Despite the fact that the character of Trevor was a supporting role in the film, Schreiber was another well-cast actor who also showcased the constantly changing and interwoven humor and vulnerability of the story. Despite Hogan’s initial hesitation about hiring an American to play an Australian character, as the director was concerned if the actor could perfect the accent, the filmmaker rightfully cast Schreiber in the versatile role of Trevor. The actor originally provides a mysterious motivation to the shark hunter when he first arrives at the exhibit while Coral is working, easily scaring Trout from the eldest Moochmore daughter but also providing her with advice on how to protect herself and her emotions. After Coral expresses her hesitance and disbelief over why he wants to help her, Schreiber convincingly turns Trevor’s seemingly caring nature into vindictive motivations, and is instantly ready to seek retribution from Shaz for her past indiscretions against him.
Production designer Graham ‘Grace’ Walker and set decorator Kristen Donaldson created authentic and diverse locations that imaginatively reflected the drastically different personalities in the film. The two crafted a distinct but modest house for the Moochmore family, creating different rooms for the five daughters that matched their personalities. From Michelle (Malorie O’Neill) relegating herself to setting up a bed in the dark and desolate basement, among the family’s unused yard equipment and other possessions, in order to stop hearing voices to Coral’s disordered room that’s cluttered with modern technology, the Moochmore house clearly proved how different the girls are from not only society, but each other as well.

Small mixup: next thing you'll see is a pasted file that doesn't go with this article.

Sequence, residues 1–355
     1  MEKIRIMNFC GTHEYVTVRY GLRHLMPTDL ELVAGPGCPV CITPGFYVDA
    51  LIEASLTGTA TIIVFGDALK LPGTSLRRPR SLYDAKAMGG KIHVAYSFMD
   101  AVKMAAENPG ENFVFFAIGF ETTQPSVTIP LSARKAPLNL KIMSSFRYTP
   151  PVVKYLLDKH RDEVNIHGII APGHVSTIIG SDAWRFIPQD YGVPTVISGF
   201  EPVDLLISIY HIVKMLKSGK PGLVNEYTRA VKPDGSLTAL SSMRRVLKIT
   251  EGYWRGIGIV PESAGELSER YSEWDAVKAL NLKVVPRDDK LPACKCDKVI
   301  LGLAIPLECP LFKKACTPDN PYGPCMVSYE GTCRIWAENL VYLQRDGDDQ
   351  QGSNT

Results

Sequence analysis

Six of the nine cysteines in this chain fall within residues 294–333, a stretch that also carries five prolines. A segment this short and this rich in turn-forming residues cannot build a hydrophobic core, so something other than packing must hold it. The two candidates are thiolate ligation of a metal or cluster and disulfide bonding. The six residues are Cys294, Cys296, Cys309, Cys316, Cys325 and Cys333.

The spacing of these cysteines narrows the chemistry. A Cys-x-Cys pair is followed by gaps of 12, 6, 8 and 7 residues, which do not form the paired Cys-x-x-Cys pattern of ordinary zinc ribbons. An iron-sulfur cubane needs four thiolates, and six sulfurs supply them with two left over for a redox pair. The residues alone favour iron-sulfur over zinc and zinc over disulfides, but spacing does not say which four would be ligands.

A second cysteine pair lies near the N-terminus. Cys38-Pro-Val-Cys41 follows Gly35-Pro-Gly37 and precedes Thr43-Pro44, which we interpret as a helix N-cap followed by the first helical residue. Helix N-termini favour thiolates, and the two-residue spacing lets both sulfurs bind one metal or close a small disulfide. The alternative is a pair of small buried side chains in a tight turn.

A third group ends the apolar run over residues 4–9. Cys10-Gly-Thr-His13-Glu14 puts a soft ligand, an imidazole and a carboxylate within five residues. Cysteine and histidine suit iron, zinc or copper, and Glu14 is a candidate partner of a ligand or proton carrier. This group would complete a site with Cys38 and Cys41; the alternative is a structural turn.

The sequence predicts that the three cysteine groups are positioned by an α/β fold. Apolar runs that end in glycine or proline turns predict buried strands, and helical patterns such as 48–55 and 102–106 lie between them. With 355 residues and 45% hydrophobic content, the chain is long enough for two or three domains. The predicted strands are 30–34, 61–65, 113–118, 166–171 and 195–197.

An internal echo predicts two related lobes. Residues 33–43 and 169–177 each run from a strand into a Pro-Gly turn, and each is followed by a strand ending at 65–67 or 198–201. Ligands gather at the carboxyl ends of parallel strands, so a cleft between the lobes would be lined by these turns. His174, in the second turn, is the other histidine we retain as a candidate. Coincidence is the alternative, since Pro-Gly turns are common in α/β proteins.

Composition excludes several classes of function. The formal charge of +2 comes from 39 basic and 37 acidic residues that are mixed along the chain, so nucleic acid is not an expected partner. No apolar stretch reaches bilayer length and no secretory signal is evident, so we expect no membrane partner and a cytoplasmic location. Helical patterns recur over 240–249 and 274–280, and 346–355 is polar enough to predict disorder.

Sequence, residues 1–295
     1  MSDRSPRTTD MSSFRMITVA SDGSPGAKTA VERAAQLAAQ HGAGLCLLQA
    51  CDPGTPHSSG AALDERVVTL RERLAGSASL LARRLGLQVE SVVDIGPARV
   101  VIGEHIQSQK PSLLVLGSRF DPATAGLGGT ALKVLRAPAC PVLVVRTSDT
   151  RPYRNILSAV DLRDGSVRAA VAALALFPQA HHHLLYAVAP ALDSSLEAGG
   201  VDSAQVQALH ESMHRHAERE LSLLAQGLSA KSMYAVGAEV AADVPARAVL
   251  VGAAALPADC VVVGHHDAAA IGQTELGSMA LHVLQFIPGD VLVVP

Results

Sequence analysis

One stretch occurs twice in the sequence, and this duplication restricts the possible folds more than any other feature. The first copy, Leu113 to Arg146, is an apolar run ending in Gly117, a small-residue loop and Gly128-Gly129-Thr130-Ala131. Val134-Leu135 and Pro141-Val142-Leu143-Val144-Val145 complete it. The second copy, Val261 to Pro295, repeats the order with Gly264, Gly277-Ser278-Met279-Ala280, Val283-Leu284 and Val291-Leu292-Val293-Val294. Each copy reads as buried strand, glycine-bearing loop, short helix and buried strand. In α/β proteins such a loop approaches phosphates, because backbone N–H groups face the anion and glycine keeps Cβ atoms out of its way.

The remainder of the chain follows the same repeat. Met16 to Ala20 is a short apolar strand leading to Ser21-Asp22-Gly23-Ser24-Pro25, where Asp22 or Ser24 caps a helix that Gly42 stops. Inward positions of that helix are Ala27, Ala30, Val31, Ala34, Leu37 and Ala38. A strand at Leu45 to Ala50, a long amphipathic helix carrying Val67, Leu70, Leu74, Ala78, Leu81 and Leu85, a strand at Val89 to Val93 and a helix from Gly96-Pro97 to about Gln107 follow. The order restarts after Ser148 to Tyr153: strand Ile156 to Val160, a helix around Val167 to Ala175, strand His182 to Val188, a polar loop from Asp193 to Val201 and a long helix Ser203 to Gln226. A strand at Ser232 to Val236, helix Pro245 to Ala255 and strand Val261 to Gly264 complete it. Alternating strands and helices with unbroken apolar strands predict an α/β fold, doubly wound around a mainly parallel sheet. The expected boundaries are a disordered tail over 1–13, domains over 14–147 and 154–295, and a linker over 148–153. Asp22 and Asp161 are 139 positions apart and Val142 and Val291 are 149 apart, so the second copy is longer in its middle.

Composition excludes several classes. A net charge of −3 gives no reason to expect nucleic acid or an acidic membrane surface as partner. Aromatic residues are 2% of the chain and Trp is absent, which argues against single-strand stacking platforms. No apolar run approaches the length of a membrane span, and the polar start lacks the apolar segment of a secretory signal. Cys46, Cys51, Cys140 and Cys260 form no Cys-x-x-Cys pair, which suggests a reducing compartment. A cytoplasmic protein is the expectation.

Walker and Donaldson also adeptly created a desolate, seemingly abandoned area of the amusement park for Trevor’s shark exhibit. While the display shows his commitment to his claim to fame that he caught the shark that ate the prime minister, through numerous detailed photographs and background information on the incident, the fact that he and Coral are normally alone there emphasizes the fact that he’s the main person still living in, and dwelling on, his past. Even with the numerous and impressive shark displays the production and set designer created, the often dim lighting and lack of patrons reflect the fact that Trevor is the main character still clinging to the past, while Shaz is encouraging the Moochmores to move on with, and improve, their lives.
Hogan created an emotionally moving story that reflects on a large family’s inability to truly connect with, and understand, each other any more, and failure to be able to bond and assimilate with their neighbors. With the rightful casting of Collette and Schreiber in the two distinct and powerful roles of Shaz and Trevor, ‘Mental’ humorously and emotionally showcases the vulnerability and loneliness everyone experiences when they lose touch with their family. With the aid of the distinct locations and sets designed by both Walker and Donaldson that fit each characters’ personality and motivations, the comedy-drama not only explores the pain and grief that motivates people into action, but the at-times effective results that come from people forcing themselves to change their paths and futures.
Written by: Karen Benardello